Morakot survivors to visit Japan for benefit performances
By Lauly Li, The China Post
July 9, 2014, 12:01 am TWN
TAIPEI, Taiwan -- The Taivoan Dance Theatre (大滿舞團) — formed by the Xiaolin villagers whose village was destroyed by Typhoon Morakot in 2009 — is slated to visit Japan on July 17 for a charity performances.
Typhoon Morakot dumped an unprecedented amount of rain in a short period of time on southern Taiwan on Aug. 8, 2009. The rain triggered landslides that buried the Xiaolin village near Kaohsiung and caused the deaths of 462 people.
Chern Jenn-chuan (陳振川), CEO of the Cabinet's Morakot Post-Disaster Reconstruction Council, yesterday told a press conference that the Japanese made great efforts in supporting the Xiaolin villagers rebuilding their homes. Chern said that after the villagers gradually got back on their feet again after the disaster, they decided to go to the Yamada Town of Shimohei District in Japan — a town that was struck by the earthquakes and tsunami in 2011.
Chern further said that the Taivoan Dance Theatre spent the last three years raising the funds necessary for the trip to Japan by performing dances around Taiwan, noting that the visit to Japan not only represents the rebirth of Xiaolin Village, but also means that the villagers are capable of helping others.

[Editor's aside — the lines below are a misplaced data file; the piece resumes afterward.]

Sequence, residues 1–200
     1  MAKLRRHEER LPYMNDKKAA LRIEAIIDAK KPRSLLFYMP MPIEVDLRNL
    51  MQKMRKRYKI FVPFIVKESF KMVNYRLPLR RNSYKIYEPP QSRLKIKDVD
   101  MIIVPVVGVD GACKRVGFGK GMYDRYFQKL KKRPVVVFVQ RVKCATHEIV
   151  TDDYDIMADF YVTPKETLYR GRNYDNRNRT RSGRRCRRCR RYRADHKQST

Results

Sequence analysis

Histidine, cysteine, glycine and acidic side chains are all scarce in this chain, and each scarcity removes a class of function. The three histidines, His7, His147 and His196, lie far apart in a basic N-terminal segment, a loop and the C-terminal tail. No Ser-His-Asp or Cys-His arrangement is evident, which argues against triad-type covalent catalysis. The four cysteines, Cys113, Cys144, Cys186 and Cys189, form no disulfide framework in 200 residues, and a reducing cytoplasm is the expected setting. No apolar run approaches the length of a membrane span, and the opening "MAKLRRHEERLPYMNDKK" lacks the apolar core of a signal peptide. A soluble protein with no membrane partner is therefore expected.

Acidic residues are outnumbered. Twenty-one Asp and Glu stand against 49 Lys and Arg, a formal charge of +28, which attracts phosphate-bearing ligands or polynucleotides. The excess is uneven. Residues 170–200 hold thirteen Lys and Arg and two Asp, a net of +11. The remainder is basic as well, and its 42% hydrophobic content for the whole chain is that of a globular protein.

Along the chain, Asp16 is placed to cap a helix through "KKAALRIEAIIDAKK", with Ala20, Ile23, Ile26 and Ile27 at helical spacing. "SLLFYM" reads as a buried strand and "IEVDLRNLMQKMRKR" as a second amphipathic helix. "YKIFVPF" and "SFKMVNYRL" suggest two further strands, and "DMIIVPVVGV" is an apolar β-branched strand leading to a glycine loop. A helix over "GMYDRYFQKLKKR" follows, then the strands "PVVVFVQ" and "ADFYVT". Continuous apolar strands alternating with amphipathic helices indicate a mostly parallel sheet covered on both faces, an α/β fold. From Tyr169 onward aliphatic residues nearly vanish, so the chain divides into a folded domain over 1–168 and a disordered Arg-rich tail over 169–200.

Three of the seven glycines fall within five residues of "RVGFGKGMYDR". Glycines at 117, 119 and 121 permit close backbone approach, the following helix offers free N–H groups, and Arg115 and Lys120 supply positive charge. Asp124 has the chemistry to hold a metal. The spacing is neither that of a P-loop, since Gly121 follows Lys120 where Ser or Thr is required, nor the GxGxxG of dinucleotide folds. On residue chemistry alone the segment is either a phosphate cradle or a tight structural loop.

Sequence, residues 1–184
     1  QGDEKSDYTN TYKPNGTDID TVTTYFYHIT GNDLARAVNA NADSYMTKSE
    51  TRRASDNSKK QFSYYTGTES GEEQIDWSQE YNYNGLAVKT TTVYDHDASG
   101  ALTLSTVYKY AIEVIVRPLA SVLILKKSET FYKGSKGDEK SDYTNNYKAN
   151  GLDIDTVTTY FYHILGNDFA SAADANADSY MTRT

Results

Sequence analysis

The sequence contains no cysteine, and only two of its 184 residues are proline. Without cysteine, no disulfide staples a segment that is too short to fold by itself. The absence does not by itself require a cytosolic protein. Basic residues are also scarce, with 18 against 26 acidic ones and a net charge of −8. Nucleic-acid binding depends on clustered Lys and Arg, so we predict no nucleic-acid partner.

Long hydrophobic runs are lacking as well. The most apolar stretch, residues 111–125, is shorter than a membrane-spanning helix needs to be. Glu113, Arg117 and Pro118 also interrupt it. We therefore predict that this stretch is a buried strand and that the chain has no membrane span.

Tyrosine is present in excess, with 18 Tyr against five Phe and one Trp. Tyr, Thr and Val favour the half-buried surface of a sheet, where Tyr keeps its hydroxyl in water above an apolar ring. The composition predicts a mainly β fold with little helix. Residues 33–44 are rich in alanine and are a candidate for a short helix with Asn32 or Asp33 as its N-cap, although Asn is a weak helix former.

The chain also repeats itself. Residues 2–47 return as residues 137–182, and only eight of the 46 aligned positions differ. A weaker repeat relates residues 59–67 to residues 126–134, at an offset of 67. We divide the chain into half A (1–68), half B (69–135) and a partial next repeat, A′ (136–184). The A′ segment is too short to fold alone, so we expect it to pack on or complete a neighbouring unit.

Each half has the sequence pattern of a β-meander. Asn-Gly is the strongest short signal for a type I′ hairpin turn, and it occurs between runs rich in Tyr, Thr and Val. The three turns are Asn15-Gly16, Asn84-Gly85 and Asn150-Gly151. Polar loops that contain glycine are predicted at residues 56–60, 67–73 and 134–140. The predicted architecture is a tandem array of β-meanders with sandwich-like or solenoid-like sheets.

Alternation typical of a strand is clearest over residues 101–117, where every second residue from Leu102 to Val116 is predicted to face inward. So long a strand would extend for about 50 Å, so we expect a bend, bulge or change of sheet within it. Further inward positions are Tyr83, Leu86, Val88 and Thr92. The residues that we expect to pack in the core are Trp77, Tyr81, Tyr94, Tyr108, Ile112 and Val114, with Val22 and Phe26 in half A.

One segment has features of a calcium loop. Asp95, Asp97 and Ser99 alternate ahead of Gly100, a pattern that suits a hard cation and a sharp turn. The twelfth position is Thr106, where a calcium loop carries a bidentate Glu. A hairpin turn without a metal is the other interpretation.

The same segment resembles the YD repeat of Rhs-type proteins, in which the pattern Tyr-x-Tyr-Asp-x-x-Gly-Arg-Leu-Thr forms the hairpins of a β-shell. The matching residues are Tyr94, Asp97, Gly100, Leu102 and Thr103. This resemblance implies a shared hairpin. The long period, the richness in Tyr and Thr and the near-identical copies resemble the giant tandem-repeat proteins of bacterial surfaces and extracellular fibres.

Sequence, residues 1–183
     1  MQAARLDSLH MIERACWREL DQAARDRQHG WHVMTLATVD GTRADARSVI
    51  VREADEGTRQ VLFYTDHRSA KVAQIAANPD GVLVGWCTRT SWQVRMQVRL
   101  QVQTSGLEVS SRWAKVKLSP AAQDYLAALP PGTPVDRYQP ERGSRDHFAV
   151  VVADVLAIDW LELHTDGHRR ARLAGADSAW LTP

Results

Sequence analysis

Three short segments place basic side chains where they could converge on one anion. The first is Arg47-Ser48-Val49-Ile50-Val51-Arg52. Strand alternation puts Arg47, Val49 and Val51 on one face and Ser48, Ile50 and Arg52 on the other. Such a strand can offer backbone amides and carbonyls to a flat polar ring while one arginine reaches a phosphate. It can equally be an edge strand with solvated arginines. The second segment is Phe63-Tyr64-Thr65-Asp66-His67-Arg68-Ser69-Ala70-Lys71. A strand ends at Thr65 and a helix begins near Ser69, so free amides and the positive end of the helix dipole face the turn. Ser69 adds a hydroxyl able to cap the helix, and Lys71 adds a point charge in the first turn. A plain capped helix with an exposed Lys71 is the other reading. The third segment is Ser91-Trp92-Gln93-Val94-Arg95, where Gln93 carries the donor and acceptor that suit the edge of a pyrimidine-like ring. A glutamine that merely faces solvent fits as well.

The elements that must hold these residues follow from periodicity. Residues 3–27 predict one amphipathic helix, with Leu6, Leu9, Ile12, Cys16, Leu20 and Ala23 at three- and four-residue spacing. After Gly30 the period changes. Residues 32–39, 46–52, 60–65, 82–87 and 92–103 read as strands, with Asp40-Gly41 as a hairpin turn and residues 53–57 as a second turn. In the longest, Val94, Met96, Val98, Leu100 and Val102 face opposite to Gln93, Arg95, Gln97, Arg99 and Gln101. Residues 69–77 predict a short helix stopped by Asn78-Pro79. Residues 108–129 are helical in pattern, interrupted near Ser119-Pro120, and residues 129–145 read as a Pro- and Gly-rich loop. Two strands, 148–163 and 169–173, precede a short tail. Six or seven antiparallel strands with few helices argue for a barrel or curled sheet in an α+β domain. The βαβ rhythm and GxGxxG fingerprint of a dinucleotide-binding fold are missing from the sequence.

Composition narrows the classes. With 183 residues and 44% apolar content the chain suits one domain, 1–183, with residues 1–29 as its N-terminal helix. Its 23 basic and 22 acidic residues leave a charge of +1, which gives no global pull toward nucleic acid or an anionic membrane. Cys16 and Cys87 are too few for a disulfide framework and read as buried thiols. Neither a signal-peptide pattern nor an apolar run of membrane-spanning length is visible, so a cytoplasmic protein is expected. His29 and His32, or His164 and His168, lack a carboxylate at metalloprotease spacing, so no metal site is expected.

Taivoan Dance Theatre leader Wang Min-liang (王民亮) said the total cost of the Japan trip is NT$1 million, noting that the money was raised through countless performances across the island over the past three years.
"We've lost a lot because of the typhoon ..., we hope our benefit performances will inspire the Japanese to rise from the ashes again," Wang said.
During the press conference, one of the dance troupe members, Hsu Ming-chun (徐銘駿) choked on tears for over one minute before he was able to speak. Hsu said it has been five years since the tragedy. He said most of the people may think that the houses and facilities have been rebuilt, but "the home in our hearts have not been rebuilt yet."
Hsu said his dance troupe wants to visit Japan because they understand how painful devastating tragedy can be, adding that his troupe members hope the story of how they bravely got back on their feet again can encourage the survivors of the March 11 earthquakes in Japan.
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